During the tutorial, you are literally flooded by a huge amount of free gems (in-game premium currency that can be bought for real money) and what’s more important, you are willing to spend them because everything is so cheap. Speed-up costs few gems and you can even buy gold or elixir (two soft-currencies which can be mined) so cheap that you don’t even think about it. However, in later stage of your gameplay, costs are increasing and since your psychology about gems is already formed, there is a little barrier between you and the very first purchase.

Another strong aspect for monetization is a competitive level of gameplay which creates whales, people spending really big money. This is encoded deeply in human nature and if you want to be the best, you are willing to put your hand deep into your pocket. In fact, competitive gameplay supported by wide range of spending opportunities creates almost ‘natural’ environment for whales. I don’t know how much money can an average whale in CoC spend, but just for your picture – in one of our games we have a player who already put over $20 000 in it. And it’s not even a competitive game. So imagine.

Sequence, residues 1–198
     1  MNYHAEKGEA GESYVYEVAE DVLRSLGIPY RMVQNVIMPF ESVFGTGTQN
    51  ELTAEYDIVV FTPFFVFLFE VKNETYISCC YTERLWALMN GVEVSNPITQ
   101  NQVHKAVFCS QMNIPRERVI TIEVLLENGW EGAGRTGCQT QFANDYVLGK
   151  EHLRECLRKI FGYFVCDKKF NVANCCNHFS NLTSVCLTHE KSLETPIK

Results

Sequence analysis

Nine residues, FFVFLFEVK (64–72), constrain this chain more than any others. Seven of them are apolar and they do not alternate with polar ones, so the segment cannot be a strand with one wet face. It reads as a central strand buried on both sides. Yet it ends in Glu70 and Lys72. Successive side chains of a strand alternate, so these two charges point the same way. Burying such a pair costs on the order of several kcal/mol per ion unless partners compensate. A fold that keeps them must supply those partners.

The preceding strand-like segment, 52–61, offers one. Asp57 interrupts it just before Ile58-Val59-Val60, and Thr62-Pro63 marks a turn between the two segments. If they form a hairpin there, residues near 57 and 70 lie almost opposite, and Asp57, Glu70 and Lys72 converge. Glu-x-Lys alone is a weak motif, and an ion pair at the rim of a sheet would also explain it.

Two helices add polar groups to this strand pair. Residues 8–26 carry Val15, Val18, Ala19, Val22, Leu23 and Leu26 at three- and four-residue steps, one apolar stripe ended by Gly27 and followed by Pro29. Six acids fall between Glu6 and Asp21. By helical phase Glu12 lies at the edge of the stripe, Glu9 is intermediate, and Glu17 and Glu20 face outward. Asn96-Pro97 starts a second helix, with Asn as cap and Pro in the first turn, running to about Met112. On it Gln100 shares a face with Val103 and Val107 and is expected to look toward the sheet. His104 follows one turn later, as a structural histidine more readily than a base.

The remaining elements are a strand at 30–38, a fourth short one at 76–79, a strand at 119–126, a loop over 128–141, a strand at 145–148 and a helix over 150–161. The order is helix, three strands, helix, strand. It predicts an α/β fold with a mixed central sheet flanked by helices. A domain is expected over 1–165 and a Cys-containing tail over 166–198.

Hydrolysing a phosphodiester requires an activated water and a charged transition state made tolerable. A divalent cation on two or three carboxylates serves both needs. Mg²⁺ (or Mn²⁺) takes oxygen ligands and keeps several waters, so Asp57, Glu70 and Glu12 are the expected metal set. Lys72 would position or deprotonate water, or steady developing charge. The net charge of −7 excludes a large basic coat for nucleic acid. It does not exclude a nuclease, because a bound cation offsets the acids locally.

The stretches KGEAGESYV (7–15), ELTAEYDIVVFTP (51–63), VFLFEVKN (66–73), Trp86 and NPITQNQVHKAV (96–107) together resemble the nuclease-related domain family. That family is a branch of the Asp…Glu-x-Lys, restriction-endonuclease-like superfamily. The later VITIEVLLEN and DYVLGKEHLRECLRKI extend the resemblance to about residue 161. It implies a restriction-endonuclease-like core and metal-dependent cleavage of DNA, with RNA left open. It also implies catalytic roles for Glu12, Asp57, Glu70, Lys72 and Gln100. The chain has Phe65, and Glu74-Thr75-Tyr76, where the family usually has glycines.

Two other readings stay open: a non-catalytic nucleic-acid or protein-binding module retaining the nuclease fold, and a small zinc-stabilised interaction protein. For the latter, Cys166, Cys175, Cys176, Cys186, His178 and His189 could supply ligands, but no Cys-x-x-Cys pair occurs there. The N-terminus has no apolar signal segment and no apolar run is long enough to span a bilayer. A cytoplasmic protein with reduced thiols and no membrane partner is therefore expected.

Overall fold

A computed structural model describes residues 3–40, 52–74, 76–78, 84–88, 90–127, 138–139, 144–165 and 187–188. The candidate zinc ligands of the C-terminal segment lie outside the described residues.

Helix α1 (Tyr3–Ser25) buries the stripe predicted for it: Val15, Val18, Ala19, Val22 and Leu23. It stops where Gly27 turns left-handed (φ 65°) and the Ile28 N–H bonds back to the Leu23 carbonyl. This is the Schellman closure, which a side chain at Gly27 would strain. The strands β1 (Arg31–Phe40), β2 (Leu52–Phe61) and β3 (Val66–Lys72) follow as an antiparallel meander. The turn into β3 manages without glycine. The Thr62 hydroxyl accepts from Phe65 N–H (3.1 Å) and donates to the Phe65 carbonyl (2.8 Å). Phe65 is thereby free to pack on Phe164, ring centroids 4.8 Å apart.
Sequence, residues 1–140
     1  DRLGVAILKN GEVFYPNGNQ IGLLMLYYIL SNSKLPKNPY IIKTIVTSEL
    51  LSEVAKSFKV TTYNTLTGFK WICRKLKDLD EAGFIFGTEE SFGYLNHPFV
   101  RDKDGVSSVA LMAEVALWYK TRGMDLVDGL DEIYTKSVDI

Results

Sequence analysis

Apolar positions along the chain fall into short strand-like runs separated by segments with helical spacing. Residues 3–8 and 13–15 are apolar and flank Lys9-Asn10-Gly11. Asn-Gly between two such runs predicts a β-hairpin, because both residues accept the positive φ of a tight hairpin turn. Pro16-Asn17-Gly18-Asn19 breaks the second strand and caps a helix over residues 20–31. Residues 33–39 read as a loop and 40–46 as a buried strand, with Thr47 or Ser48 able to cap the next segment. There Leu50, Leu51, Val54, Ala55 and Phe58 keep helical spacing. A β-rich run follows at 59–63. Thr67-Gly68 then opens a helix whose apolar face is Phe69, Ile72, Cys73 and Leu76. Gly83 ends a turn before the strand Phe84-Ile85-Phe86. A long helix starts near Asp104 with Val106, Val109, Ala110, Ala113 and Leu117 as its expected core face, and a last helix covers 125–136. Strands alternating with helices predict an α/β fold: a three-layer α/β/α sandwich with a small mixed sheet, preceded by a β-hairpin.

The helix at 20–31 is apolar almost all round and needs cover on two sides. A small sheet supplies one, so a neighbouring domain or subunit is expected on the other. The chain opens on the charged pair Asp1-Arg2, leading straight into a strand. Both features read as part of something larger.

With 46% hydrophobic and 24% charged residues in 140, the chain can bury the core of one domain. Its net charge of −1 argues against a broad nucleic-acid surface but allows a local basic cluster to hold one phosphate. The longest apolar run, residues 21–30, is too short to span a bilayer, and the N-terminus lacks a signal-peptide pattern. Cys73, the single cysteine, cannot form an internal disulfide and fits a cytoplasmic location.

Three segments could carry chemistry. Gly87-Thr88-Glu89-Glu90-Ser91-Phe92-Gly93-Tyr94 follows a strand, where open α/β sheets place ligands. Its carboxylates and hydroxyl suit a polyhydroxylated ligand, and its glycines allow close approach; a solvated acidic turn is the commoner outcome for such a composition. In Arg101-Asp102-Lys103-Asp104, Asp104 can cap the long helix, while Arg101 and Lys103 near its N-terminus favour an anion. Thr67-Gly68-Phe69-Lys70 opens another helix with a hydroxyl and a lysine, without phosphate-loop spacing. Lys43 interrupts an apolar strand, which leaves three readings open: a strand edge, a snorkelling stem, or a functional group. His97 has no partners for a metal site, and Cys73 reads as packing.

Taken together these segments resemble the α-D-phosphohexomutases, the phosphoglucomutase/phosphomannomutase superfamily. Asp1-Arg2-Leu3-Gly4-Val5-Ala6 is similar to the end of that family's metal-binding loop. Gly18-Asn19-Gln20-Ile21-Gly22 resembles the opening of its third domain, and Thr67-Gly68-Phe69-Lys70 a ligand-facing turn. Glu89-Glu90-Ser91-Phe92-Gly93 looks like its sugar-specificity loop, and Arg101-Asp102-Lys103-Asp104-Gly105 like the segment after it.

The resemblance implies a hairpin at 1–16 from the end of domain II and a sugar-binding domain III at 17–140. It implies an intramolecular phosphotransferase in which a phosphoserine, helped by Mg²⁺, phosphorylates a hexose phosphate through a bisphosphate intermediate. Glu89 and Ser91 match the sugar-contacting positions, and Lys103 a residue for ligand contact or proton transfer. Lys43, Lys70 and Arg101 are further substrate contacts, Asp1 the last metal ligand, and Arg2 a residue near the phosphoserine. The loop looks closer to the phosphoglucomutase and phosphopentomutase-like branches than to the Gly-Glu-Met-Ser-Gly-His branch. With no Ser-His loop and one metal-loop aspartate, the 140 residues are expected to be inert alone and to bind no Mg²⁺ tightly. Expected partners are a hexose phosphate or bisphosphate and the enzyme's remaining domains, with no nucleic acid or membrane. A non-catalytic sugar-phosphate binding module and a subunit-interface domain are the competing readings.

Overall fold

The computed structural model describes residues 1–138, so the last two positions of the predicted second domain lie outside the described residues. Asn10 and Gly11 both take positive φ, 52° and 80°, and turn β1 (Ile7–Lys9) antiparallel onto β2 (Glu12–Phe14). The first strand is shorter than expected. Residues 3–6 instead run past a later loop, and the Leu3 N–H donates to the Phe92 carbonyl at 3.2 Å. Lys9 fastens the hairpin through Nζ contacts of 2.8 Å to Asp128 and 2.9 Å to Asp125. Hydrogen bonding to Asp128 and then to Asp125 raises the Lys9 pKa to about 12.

The third very well-known psychological trick is based on price representation. You only see a price in real-world currency when you are going to buy gems. Everything else in game is then paid with gems. Just think for yourself – would you be more willing to speed-up that virtual imaginary building for $10 or for 800 virtual gems? When by the way you already know how natural does it feel to use them, because you were doing it whole tutorial. Those green little sneaky bastards…

There are two more little things you can notice about gems. A new player always sees a small pack of virtual currency first – because it’s cheap. Smaller price won’t scare him and in addition, it helps to undergo the first purchase barrier. The second one is amount of gems that can be bought. Packs with bigger numbers like 2500, 6500 or 14000 gems are much more appealing and ‘worthy’ than let’s say 250, 650 or 1400 gems.

Device optimisation – tablet is king